by December 2, 2003 0 comments

Instant Messaging–text-based chatting in real time with anyone, anywhere in the world–is a common way to keep in touch with friends or business associates. It also helps cut down expensive long-distance calls and travel costs as you can even invite colleagues for online conferences. Depending on your IM solution and infrastructure, you can extend your IM’s capabilities to include online voice chats and video conferencing. Here are some issues to keep in mind when deploying instant messaging in an organization. 

Public or private? 
In the public domain, there are IMs such as Yahoo, MSN and ICQ. Though these are free to download, they are difficult to manage and control–you can’t control who logs in, nor can you monitor the user’s activities. This can be a security risk as anyone can pass confidential information out. So, you must think twice before using them for business purposes. 

Public IMs don’t let you manage and control user IDs. So, with them you can’t control whom your employees chat with. A disgruntled employee could pass info to competition, while general chatting reduces employee productivity and can be an entry point for malicious software
Public IMs use more bandwidth than private IMs even for simple chatting on the LAN. Bandwidth requirements increase if you use audio, video, desktop sharing, whiteboarding, etc. Private IMs require a separate server

Public: Yahoo, MSN, Jabber, ICQ. Private: Lotus SameTime, MS Exchange 2000 server’s built-in messaging. Free server: ICQ Groupware beta (You could start out trying this one)

Small organizations having a handful of nodes (say 50) could opt for a public IM as manageability wouldn’t be a major issue.

Managing user Ids is another gray area with public IMs, especially since you can’t even define your own. You’ll have to live with whatever’s available with the public IM server. While a small office may not have problems creating these Ids, it can nevertheless be a headache maintaining them.

With private IMs, on the other hand, you can restrict the communication within your company and also monitor their usage.

Lotus SameTime, for instance, allows you to see who’s logged in and for how long. In Private IMs, you can also define your own user IDs. 

Resource requirements
While public IMs can help you cut down phone calls, cost may go up in other places, say your Internet connectivity costs.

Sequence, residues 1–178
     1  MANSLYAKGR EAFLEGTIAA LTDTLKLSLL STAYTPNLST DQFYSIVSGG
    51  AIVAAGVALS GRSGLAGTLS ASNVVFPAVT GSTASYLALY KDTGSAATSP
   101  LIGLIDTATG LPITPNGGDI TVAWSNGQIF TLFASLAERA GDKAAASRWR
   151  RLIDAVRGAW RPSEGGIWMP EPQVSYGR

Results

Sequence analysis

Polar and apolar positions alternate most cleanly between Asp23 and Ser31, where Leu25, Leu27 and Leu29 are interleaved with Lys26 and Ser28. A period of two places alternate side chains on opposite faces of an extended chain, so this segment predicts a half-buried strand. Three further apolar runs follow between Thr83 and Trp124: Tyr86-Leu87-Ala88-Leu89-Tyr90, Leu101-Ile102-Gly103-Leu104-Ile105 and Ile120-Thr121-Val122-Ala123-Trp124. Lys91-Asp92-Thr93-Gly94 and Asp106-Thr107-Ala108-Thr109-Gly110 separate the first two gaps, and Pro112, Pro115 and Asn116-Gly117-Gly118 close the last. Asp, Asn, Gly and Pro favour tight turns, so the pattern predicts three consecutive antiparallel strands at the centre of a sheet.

That’s because even if two IMs are on the same network, they’ll have to first communicate with the parent IM server, hence requiring an increase in the Internet connectivity bandwidth. Also, a slow Net connect and the IM server being down can be a problem. Here again, a private IM is a boon as you control the server and local communication doesn’t need to access the Internet. This can speed up file transfers. Public IMs, on the other hand, have difficulty with file transfers through a proxy or firewall.

Resource requirements for an IM solution depend upon the features you need and the investments you’re willing to make. For instance, if security is not a prime concern, and you still need a quick means of communication, then a public IM is good enough. With private IMs, most players offer custom solutions, where price depends upon your messaging requirements.

Features can be anything beyond text-based chat, such as online meetings, whiteboard and application sharing and voice and video support. If you’re a medium-sized organization, you’ll need a separate hardware server for your IM server and spend extra bucks on the network OS. 

If you also plan to use it for video and application sharing, then you have to ensure that your existing local network bandwidth can take the extra load. You may need to upgrade to a 10/100 Mbps switched network if you have a shared one for voice and application sharing. For video, you might need a 100 Mbps switched network.

One of the many hazards of using a public IM is that anyone using a packet-sniffing utility can capture chat conversations, as shown in the highlighted area

Security concerns
Since most public IMs can change their port number for communication (they could even use port 80, the default port for Web access), it is difficult to block them. So, if you decide to implement a private IM, you should remove the public IMs from all the clients. Lack of confidentiality and security are two other areas where private IMs score over the public ones. In Yahoo Messenger, there were cases of messages reaching the wrong recipients. Plus, most public IMs don’t have support for encrypted conversation. It happens in clear text, so anyone with a packet capturing utility can easily capture and read conversations. Lastly, the latest trouble with public IMs is that of virus threats. Today, viruses are being developed that specifically spread through IMs. Private ones haven’t yet registered this type of a problem.

Another critical security issue is whether the person you’re sending a message to is actually there. For all you know, someone else might be faking as the recipient of your message, and could extract confidential information. The way out is not through technology, but by caution. You could, for instance, set up certain questions and answers that are known only to you and the 

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